Disclaimer :- JWT policies from SAP Cloud Platform API Management is not yet available in trial environment, so in your trial environment the Verify JWT policy won’t be visible.

  • In the Create Policy dialog, enter a name for your policy say verifyJWT and then click on Add. 

 

  • Select the newly created veriyJWT policy and provide the following VerifyJWT policy snippet to verify the JWT token which is signed using RS256 algorithm. In case of RS256 algorithm, you will need to specify the Public key used for the signing of the JWT token. You can use the JWKS element of the PublicKey element to provide a  reference to the flow variable JWTKeys.content which contains the JWKS response from your identity provider.
  • You can add in the issuer of your JWT token and during the validation of JWT token the issuer in the incoming token would be matched against the issuer specified in the policy. In case of mismatch in the issuer it will raise a unauthenticated error ( HTTP status code 401).  The JWT token in the incoming request would be read from authorization header ( HTTP header named authorization) in the format Bearer {access_token_in_jwt_format}.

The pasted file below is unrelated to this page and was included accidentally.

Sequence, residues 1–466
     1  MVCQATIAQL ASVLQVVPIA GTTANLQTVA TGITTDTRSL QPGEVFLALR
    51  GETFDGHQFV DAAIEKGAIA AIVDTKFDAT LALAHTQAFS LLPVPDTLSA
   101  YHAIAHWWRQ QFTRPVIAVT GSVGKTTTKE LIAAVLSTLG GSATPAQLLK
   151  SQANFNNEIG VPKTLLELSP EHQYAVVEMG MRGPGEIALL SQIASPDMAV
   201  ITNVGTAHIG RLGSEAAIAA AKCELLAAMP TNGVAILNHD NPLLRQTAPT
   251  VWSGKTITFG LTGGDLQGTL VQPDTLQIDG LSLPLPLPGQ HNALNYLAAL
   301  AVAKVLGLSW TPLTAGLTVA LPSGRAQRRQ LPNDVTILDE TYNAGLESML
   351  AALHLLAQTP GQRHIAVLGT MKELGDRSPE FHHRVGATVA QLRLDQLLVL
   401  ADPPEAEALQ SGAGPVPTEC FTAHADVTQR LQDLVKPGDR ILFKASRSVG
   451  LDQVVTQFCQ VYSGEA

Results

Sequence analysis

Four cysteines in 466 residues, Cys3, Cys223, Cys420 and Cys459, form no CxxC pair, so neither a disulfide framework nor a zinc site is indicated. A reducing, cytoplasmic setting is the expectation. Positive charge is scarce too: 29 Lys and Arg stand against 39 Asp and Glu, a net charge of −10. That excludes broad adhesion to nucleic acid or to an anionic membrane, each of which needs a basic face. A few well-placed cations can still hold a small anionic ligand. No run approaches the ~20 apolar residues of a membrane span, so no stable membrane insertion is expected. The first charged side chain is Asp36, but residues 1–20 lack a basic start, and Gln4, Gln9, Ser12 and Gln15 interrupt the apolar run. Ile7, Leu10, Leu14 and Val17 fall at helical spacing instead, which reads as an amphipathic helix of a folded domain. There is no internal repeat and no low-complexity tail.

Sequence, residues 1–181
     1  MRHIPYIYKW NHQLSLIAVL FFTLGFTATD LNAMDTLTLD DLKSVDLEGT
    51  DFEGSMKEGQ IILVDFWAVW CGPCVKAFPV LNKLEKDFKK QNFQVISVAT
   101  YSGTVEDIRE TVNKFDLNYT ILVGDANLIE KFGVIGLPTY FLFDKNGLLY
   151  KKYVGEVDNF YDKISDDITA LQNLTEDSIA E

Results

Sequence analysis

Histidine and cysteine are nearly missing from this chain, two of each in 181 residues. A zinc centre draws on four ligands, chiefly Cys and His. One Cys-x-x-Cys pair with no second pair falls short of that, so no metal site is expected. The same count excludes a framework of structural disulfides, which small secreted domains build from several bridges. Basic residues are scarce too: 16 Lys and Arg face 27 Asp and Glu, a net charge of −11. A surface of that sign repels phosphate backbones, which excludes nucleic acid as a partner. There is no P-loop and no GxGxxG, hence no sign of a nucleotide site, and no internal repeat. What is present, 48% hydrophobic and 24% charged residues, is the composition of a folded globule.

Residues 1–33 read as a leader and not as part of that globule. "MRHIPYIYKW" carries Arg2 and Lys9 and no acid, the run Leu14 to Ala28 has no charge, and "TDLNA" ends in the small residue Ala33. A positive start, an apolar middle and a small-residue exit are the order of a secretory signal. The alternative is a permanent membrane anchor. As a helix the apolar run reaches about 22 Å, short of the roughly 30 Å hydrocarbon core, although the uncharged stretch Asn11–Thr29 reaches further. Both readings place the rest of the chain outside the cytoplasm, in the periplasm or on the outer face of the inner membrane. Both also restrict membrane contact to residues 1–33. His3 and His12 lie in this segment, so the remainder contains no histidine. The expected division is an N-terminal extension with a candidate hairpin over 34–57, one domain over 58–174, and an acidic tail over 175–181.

Note:- You can use the Source element of VerifyJWT token policy to provide the source of your JWT token. If Source is not present, VerifyJWT token policy will read the JWT token from the HTTP header named authorization.

<!-- Verify JWT TOken -->
<VerifyJWT async="false" continueOnError="false" enabled="true" xmlns="http://www.sap.com/apimgmt">
    <Algorithm>RS256</Algorithm>
     <PublicKey>
    		<JWKS ref="JWTKeys.content"/>
    </PublicKey>
    <Issuer>your_jwt_token_issuer</Issuer>
</VerifyJWT>

 

  • Select Update to persist all the policy changes